At its broadest level, Prosperity for All is about the changing meaning of consumer society over the past half century. I argue that whereas access to the benefits of consumer society for everybody dominated thinking in the mid-twentieth century, consumer society has more recently come to be about individual choice: that is, only for those who can afford to participate.
The book gets at this transformation through an examination of the aims and priorities of global consumer activism. Usually associated with best buy magazines such as Consumer Reports in the US, Which? in the UK, and Que Choisir in France, consumer activism has in fact also been associated with the needs and aspirations of the developing world. Inspired by western activists such as Ralph Nader, consumer groups have emerged in Asia, Latin America and Africa. They have been concerned not with the value for money of cars and electronic goods, but with the rights of the poor to decent food, housing, water, transport, and energy.
In doing so they remind us that consumer society is about poverty as well as luxury. For all the problems confronting affluent societies seemingly dominated by excessive and unsustainable consumption, for the majority of the world’s population, mere access to a world of goods is still a legitimate desire.
Unfortunately, debates about consumer society are rarely couched in these terms. By following the fortunes of the consumer activist movement—and the setbacks it faced from the 1980s—we can see how the dominant meanings of consumer society changed as well.
Today we rarely talk about access to consumption. Instead, we talk about choice. Whether we see unlimited choice as the triumph or tragedy of consumer society, to focus the debate on such a narrow concept cuts out other important debates once so central to the meaning of consumer society: needs, rights, entitlements, fairness, equality, sovereignty and, ultimately, the redistribution of wealth.
“For all the problems confronting affluent societies seemingly dominated by excessive and unsustainable consumption, for the majority of the world’s population, mere access to a world of goods is still a legitimate desire.”
The book is very much a product of my training as a social historian. That is, I have attempted to uncover the hopes and aspirations of ordinary groups of people. While much of social history has been concerned with the lives of the working class, I chose to examine how people think and behave as consumers: with how they spend, rather than how they earn their money.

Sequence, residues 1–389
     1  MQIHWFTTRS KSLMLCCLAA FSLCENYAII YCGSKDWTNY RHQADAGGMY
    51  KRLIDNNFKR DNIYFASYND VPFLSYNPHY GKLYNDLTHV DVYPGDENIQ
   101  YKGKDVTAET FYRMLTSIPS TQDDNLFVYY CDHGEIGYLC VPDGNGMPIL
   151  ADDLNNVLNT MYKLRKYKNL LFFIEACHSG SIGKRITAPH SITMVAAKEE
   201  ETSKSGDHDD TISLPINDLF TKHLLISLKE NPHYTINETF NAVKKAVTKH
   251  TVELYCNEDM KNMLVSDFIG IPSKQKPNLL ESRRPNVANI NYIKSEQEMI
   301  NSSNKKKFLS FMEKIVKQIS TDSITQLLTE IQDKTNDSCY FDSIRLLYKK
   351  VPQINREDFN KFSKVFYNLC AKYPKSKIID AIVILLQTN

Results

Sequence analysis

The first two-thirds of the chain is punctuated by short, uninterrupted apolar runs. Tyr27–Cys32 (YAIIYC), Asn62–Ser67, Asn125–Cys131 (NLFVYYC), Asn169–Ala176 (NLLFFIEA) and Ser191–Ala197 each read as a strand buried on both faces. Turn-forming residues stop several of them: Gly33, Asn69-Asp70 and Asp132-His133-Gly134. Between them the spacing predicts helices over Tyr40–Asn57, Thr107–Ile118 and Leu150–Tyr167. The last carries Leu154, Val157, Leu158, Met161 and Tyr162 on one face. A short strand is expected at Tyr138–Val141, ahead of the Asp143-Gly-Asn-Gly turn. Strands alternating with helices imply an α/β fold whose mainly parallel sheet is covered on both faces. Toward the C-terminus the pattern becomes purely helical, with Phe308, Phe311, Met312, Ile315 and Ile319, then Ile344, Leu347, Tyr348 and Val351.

In particular I am interested in how the everyday problems of getting and spending—dealing with faulty and dangerous goods, overcoming unscrupulous manufacturers, dealing with inequities in the marketplace, challenging the tactics and assumptions of advertisers, and so on—have translated into political agendas.
Ralph Nader provides the classic case in point. His analysis of the US motor industry demonstrated that the problem was not simply the poor design of one brand of commercial vehicle. The problem was deeper and multilayered. The reason why a consumer might be offered a dangerous motorcar was ultimately due to problems about collusion in the industry, the lack of standards, the absence of federal government regulation and the non-existence of a form of political pressure to act on behalf of the public or consumers.
Ralph Nader therefore gave rise to the public interest movement. He became the leading consumer advocate in the US, achieving a public profile such that he was even talked of as Jimmy Carter’s running mate in the 1975 Presidential election. (That Nader entered politics again a quarter-century later is another matter.)
But I also want the book to start a debate about consumer society distinct from much of the liberal critique so prevalent in the West. Think of all the popular works devoted to consumer society. They go back to Thorstein Veblen’s critique of ‘conspicuous consumption’ in his Theory of the Leisure Class. They include the classics of 1950s liberalism—Vance Packard’s Hidden Persuaders and J. K. Galbraith’s Affluent Society. The sixties counterculture gave rise to numerous attempts to seek a more meaningful existence beyond the false neon lights of commodity capitalism. They continue to this day, ranging from Naomi Klein’s No Logo to the more recent debate about ‘affluenza’.
The inadequacy of all these books is that they oversimplify so much about consumer society. Middle-class liberal guilt too readily condemns the aspirations of ordinary people eager to participate in the good life. Important economic issues about trade and finance are misunderstood such that we are expected to be for or against free trade. Significant political decisions about public intervention in the market place are reduced to a ‘nanny state’ versus libertarian individualism. But most of all, these books relate the problems of consumer society purely in terms understandable to the rich.
Consumer society is our common guilty indulgence for which we must constantly chastise ourselves. Perhaps there’s nothing wrong with that. But the focus does obscure another more important question—the question of who should get to participate in consumer society. Debates about participation were central to Roosevelt’s New Deal, to the GI Bill at the end of the Second World War, and to the establishment of welfare regimes and social market economies across Europe in the 1940s and 1950s. They would remain important too to the world’s poor. But now poverty is treated as an issue separate from consumer society. The poor don’t get to have a say in the world of affluence; instead their plight is left to structural adjustment, philanthropy and pop concerts. My point is that the poor too should be incorporated into any discussions about consumer society; poverty is not a problem distinct and external to consumer society.